Emerging From the Shadow of History

CEU trustee, journalist and writer Kati Marton has examined her own family history, Swedish diplomat Raoul Wallenberg, and Hungarian émigrés in her work, showing the significance of confronting and understanding our troubled past in order to move beyond it.

“Only history puts today’s events in perspective,” Marton said in a lecture at CEU entitled “The Past is Not Finished,” hosted by the Department of History. “We do not need to be prisoners to our past… We do have to assimilate its lessons before we can get out from under its shadow.”

Marton pointed to the recent chemical weapons attack on innocent civilians in Syria as a tragic repetition of crimes committed in the Holocaust, in Bosnia, in Rwanda.

“We haven’t learned that genocide has to be stopped before the killing starts,” she said. “One reason for our failure is willful blindness.”

Today, with the images that show us the undeniable facts and evidence of genocide, and books such as hers that chronicle the institutionalization of hate that leads up to such horrific acts, we are armed with the tools that can topple dictators, she said.

In “Enemies of the People,” Marton delved into records compiled by the infamous Hungarian secret police, the AVO, about her parents – stacks and stacks of information gathered by agents about her parents’ every move, their every conversation and piece of correspondence. It was not a pleasant task. Many Hungarian friends tried to talk her out of it.

“Of course I made disturbing discoveries,” she said. “My parents turned out not to be the paragons of virtue I had imagined – they turned out to be something better: human. Above all, they emerged from prison with their values intact and had the energy to restart their lives in America.”

In “The Great Escape,” Marton chronicled the lives of nine Jewish intellectuals who fled Hitler’s Europe and found success in the U.S., from photographer Robert Capa to author Arthur Koestler. This book and her biography of Wallenberg, who saved the lives of 100,000 Jews during the Holocaust, provide a window into the complex and deeply troubled recent past of Hungary and Central Europe.

“This is the only part of the world successively occupied by and dominated by two of the most destructive ideologies in history, fascism and communism,” she said. “How can we understand the shadow cast by this recent history so we can move out of this shadow?”

Budapest still carries this shadow, Marton told students, professors, diplomats, friends and readers at the lecture. The nine intellectuals of “The Great Escape” had come to the great city on the Danube around the turn of the century to take advantage of opportunities never before open to those from minorities, she said.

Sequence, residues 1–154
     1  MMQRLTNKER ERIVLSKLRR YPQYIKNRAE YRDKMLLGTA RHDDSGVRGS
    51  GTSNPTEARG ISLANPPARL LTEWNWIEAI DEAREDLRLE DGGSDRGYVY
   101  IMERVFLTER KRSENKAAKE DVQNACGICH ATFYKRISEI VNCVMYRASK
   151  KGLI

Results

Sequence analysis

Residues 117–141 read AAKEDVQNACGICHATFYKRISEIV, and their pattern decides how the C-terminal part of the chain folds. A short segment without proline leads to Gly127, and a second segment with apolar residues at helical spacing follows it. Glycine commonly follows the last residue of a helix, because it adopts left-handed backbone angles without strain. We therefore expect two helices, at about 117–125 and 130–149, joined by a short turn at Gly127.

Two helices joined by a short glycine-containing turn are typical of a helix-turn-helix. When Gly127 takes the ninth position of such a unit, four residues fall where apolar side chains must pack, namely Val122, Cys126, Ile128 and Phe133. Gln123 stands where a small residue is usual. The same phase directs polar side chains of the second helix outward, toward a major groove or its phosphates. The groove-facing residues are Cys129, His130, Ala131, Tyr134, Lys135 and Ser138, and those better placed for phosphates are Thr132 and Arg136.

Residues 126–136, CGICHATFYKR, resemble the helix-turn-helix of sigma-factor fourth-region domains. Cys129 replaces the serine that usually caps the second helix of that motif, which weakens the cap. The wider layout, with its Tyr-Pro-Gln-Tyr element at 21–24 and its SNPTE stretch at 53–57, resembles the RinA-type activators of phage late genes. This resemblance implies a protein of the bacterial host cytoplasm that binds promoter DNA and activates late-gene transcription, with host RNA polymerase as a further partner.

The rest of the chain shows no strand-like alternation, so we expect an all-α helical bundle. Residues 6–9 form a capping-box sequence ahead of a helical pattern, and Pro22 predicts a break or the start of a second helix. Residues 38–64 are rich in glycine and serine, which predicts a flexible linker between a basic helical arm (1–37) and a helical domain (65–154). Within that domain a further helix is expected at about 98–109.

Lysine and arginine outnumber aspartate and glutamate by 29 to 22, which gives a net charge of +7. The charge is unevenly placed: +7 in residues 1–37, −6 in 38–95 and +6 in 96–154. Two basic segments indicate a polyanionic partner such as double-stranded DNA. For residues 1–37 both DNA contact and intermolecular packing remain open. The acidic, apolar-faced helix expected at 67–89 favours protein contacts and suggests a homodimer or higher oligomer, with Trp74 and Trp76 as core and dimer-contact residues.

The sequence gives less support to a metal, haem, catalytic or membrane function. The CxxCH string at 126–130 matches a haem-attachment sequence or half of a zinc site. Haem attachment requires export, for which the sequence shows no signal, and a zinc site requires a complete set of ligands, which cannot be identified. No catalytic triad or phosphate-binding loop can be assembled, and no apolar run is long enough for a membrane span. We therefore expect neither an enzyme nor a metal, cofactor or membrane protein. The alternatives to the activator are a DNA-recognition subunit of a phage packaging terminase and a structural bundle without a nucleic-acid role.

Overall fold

“There was an enormous opportunity for minorities from all over the Austro-Hungarian Empire to seize this moment when city was open and tolerant and hungry for new ideas,” she said. “At the time, it was like New York City plus Silicon Valley today.”

Then things changed, seemingly in an instant, when the so-called “numerus clausus” laws were passed, the first anti-Semitic laws in Europe, restricting the numbers of Jews allowed into Hungarian higher education. The innovators became exiles, and Budapest never recovered, she said.

“We’re currently at a crossroads in Hungary, which is facing one of its more challenging tests,” she said. “ The question people are asking is, will Hungary revert to its nationalistic past or fully embrace the values of democracy?”

Marton was optimistic, and urged Hungarians to participate in democratic processes.

“My hope is that Hungary will stop losing its greatest talents and people will see politics as a way to help,” she said. “Electing good people is just the beginning. A passive and indifferent population plays into autocrats’ hands. Each of us has to be alert and hold our leaders to account. That is our responsibility as citizens.”

She urged the audience, especially students recently arrived to begin studying at CEU, to explore Budapest, her hometown, and observe the signs of its history and its future.

“Budapest has chance to become the incubator of the best scientists, artists, and writers that it once was,” she said.

Marton said she’s working on a new book, the story of an American man who became blindly Stalinist, and died in Budapest.

“It’s a complex story of blind faith,” she said. “His life is a way to tell the story of America’s passage from being isolationist to becoming a world power.”